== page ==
When the 1 st stone-free rates were compared for these two methods, there was a significant difference (p<0.001) (table 2). Additional forceps application was used with a rate of 39.89% (n = 237) in the laser group, and 24.83% (n = 76) in the pneumatic group (p<0.001). Complication rates were 7.9% (n = 147 patients) and 14.70% (n = 45 patients) in the pneumatic group (p<0.001). The reason for was due to this difference higher numbers of complications such as stone migration and ureter mucosal laceration in the pneumatic group. For the treatment of complications stent application was required in 6.06% (n = 36 patients) in the laser group, and in 13.07% (n = 40 patients) in the pneumatic group (p<0.001) (table 3).
Stone free rate obtained with intracorporeal lithotriptors used in the treatment of ureteral stones differ throughout the literature. In the comparison studies of dye-laser lithotripsy and pneumatic lithotripsy, success rate differ between 78-99%, and in some studies dye-laser appears to be more successful (4,5,6), while pneumatic lithotripsy appears to be more successful in some others (7,8). We believe that numbers, diameters, locations, types of stones, as well as energy sources used are responsible from these differences.
Diameter of the fragmented stone effects most the total stone-free rate of the method used. Therefore, the total stone-free rate must be carefully defined. In literature concerning this issue, it is seen that total stone-free rate is defined as stones with diameters of 2mm or less (7,9), fragmentations capable of opening the ureteral passage (4), or rate of being free of stones after the additional forceps application following the lithotriptor treatment (10). It has also been reported in one study that, the diameter of the fragmented stone is less than 4mm it can spontaneously be fallen with a rate of 70%, and 15% if the diameter is 6-8mm (7), respectively and in another study (6), if repeated ureterorenoscopy could be required with a rate of 7%if the diameter is over 4mm and no additional treatment is applied. Secondly, it is known that ureter stones may cause strictures in 15 percent of the patients, and polyps in 21 percent of the patients (11). This will have an impact on the total stone-free rate, and being superior of one of the energy sources to the other will not be sufficient when evaluating the success of the lithotriptors.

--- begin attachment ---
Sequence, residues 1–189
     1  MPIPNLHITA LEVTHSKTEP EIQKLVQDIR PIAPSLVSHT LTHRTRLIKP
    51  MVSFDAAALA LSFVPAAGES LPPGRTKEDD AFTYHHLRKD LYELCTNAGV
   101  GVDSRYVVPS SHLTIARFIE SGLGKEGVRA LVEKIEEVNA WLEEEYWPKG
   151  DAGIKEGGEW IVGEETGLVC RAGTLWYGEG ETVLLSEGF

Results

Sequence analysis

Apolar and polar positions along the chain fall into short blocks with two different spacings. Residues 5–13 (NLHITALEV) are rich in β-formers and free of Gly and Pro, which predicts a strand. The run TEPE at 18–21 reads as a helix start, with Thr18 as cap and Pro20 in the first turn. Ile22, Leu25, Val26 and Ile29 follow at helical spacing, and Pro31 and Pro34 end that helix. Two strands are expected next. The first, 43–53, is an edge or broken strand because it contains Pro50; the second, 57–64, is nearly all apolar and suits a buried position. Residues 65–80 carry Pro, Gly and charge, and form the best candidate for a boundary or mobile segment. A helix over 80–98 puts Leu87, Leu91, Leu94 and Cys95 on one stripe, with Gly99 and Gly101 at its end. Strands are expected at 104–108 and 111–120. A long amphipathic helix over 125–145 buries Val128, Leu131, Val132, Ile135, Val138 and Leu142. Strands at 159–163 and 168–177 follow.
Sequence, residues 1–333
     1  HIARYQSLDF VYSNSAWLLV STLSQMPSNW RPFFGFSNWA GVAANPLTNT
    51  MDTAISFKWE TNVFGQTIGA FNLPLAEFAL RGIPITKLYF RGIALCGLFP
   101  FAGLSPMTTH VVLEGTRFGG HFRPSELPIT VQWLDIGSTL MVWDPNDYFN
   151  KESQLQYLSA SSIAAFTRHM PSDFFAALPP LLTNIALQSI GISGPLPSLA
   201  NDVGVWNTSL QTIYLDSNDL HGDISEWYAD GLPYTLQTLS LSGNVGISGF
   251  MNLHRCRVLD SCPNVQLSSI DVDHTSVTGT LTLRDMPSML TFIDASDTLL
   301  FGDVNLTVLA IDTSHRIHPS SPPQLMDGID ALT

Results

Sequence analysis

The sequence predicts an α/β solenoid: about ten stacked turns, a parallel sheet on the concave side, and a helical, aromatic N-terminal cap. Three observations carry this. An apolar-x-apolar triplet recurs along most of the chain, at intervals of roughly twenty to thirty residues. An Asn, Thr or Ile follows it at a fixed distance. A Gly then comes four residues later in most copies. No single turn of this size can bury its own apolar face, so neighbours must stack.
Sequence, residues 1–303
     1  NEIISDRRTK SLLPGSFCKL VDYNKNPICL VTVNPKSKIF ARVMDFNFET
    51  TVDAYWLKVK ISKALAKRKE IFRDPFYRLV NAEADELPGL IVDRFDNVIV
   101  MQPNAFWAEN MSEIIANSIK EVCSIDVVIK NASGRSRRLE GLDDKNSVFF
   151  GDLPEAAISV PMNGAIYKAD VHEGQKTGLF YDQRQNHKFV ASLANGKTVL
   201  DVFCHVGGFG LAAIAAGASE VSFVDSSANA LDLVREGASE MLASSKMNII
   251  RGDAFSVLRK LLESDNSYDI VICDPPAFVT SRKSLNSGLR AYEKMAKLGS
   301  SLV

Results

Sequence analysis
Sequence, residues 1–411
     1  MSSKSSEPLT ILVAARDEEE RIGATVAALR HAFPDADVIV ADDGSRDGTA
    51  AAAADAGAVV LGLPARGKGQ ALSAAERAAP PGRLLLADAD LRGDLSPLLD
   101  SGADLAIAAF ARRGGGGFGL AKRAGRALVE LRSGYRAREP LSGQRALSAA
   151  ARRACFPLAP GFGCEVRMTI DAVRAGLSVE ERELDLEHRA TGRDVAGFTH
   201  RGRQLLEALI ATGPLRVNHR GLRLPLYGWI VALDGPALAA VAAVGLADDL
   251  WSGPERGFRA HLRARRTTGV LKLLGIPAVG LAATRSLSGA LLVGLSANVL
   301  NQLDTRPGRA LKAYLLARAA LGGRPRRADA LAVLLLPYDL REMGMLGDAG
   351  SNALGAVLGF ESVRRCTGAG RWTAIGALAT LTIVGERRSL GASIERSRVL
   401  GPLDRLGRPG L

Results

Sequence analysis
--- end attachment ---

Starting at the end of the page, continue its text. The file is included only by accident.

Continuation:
In our study, when we compared both methods with respect to stone-free rate with the review of the literature, we observed that total stone-free rates were compliant with each other; however, the 1 st stone-free rates were low in both groups. Again, when the both methods were compared with respect to rate of using forceps additionally, we observed that it was less in the pneumatic group. The reasons for this may be due to more fragmentation obtained with pneumatic lithotripsy, and additional forceps being unnecessary in this group, because stone migration was higher.
Stone migration is because of from the ballistic effect of the pneumatic lithotriptors, and is seen in a rate of 7-12% (4,5). In the literature, it is reported that migration is more frequent especially in cases with dilated upper urinary system (9). Therefore, it has been emphasized in some reports that using of additional forceps should be the first approach in small distal stones (10). We believe that fragmentation process should not be continued in such cases, and forceps application could both increase the success rate, and decrease this complication. Statistically damage in the ureteral mucosa, is the second complication, seen with a rate of 2-5% (4,5). We believe that rate of damage in the ureteral mucosa, which we observe more frequently in the pneumatic group, will also diminish with use of additional forceps application. Another complication is ureter perforation, and is seen with a rate of 1-3% (4,5). In our study, we observed that this complication rate was not different in the both groups, and it could be attributed to the lithotriptor, or could happen during ureterorenoscopy. The rate of ureteral stent placement for the treatment of the complications was, higher in the pneumatic group. We also believe that additional forceps application lessen the complication rate significantly.
M. Abdurrahim Imamoglu Bayindir 2 Sokak 58/5 06650 Kizilay / Ankara-Turkey Tel: +90 312 418 28 78 E-Mail: firstname.lastname@example.org